Metrolink killer is sentenced to 11 life terms in prison

Juan Manual Alvarez enters the courtroom, where Los Angeles County Superior Court Judge William R. Pounders tells him, "If there were a sentence 'forever,' I would certainly give it to you."
(Annie Wells / Los Angeles Times)
Los Angeles Times Staff Writer

A gasp filled a downtown Los Angeles courtroom Wednesday as a judge sentenced a former Compton laborer to 11 consecutive life prison terms for triggering a commuter train crash that killed 11 people, the deadliest train crash in Metrolink’s history.

Convicted murderer Juan Manuel Alvarez sat silent, and the gasp, along with audible sighs, came from the gallery as Los Angeles County Superior Court Judge William R. Pounders handed down the sentence. Pounders also criticized Alvarez for lacking genuine remorse for the crash. He told Alvarez, 29, that “if there were a sentence ‘forever,’ I would certainly give it to you.”

During the eight-week trial, prosecutors had argued that Alvarez had intended to kill commuters as part of a sick attempt to gain attention from his estranged wife when he parked his sport-utility vehicle on the train tracks. A Metrolink passenger train plowed into the vehicle, struck a parked freight train and slammed into an oncoming commuter train.


But defense attorneys had said Alvarez never meant to harm anyone and described his actions as part of an aborted suicide attempt.

Pounders was not convinced.

“I don’t believe for a minute you intended to kill yourself or harm yourself in any way,” he said. “I think you were setting up a scenario so you could go back to your family.”

Alvarez will not be eligible for parole. Defense attorney Michael Belter said he had filed a notice of appeal on Alvarez’s behalf.

About half a dozen family members of victims who died in the Jan. 26, 2005, crash addressed the court Wednesday.

Standing at a nearby lectern, Elaine Parent Siebers, sister of crash victim William Parent, looked directly at Alvarez and requested that he look at her. Alvarez shifted his chair slightly to face her.

“Thank you for looking at me because I want you to know the pain you have caused me,” she said. “You did a very bad and stupid thing. If you have tried to cause pain and anguish, you have definitely succeeded.”


Siebers asked why, if Alvarez wanted to kill himself, he didn’t simply lie down on the tracks.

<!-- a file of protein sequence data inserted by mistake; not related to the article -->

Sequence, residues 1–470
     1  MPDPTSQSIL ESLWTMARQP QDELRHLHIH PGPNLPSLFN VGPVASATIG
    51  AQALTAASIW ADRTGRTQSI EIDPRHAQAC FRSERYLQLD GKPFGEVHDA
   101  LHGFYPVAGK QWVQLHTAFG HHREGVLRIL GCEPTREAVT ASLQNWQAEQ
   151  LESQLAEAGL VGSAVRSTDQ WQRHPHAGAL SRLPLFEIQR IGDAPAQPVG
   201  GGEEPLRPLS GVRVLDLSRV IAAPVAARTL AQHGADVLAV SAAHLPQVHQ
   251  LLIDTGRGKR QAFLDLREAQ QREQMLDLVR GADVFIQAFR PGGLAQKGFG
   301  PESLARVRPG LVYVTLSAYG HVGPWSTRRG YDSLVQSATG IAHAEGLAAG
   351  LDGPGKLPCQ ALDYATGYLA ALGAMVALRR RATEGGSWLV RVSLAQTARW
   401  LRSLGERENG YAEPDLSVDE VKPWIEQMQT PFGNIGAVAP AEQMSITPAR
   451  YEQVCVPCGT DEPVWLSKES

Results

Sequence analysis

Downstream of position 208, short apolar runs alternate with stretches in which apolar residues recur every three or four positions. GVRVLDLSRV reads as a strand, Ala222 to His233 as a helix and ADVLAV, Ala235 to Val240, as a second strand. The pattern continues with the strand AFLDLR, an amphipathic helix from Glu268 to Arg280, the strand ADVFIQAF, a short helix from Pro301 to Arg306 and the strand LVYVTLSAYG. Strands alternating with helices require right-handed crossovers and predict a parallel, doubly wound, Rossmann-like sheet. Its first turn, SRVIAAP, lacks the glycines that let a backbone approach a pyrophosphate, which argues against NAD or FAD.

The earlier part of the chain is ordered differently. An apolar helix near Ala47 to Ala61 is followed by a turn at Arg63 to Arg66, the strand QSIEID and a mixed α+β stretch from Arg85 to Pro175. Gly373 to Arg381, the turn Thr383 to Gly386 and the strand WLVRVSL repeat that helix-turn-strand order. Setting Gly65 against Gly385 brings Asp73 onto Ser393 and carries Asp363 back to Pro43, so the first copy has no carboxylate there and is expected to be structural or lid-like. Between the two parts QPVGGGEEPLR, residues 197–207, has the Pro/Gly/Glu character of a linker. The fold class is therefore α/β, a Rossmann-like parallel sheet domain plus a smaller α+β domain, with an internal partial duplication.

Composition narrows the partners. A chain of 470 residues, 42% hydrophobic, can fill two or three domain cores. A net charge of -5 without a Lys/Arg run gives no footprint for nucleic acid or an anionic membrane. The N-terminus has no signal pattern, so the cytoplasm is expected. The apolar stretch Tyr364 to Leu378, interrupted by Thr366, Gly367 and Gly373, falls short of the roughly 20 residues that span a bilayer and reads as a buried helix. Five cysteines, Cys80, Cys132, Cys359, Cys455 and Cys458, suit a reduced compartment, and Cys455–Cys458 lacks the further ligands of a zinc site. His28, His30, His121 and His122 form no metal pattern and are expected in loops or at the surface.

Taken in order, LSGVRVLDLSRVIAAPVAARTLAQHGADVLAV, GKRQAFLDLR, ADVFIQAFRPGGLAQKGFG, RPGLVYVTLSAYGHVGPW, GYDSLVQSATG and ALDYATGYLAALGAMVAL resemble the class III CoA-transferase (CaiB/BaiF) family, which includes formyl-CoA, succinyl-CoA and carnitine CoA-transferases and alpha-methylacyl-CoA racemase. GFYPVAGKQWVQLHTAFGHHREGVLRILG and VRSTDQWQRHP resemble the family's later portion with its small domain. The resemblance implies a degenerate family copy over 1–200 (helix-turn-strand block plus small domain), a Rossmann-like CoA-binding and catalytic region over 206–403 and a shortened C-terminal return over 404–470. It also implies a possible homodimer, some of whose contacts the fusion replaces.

“Because of your selfishness, you have bestowed this terrible nightmare upon us, and it will never end,” she said.

Siebers’ other brother, Robert Parent, a retired state prison guard, said he got satisfaction just from knowing the conditions under which Alvarez was going to spend the rest of his life.

“I wish you the most miserable life possible,” said Henry Romero, nephew of 53-year-old victim Leonardo Romero.

Todd McKeown, whose brother Scott was killed in the crash, attended almost every day of the trial. His voice cracked as he recounted how his niece had broken down sobbing during a recent father-daughter dance at a bat mitzvah. She realized she would never again have a chance to dance with her dad, McKeown later said.

Alvarez, who in June was found guilty of 11 counts of first-degree murder and one count of arson, apologized to the victims’ families during the trial. He made no statement Wednesday.


Lien Wiley, widow of crash victim Don Wiley, told Alvarez that although she was devastated by the loss of her spouse, she forgave the former laborer.

Wiley told the court that she believed that Alvarez never intended to harm anyone but himself. She blamed the severity of the crash on the Metrolink train company’s use of a controversial “push-pull” system to operate trains.

But several speakers told Alvarez he was undeserving of forgiveness. Hope Alcala, whose son Manuel perished in the crash, said Satan would ultimately deal with Alvarez.

“Who knows if God will forgive you, because I can’t,” Alcala said.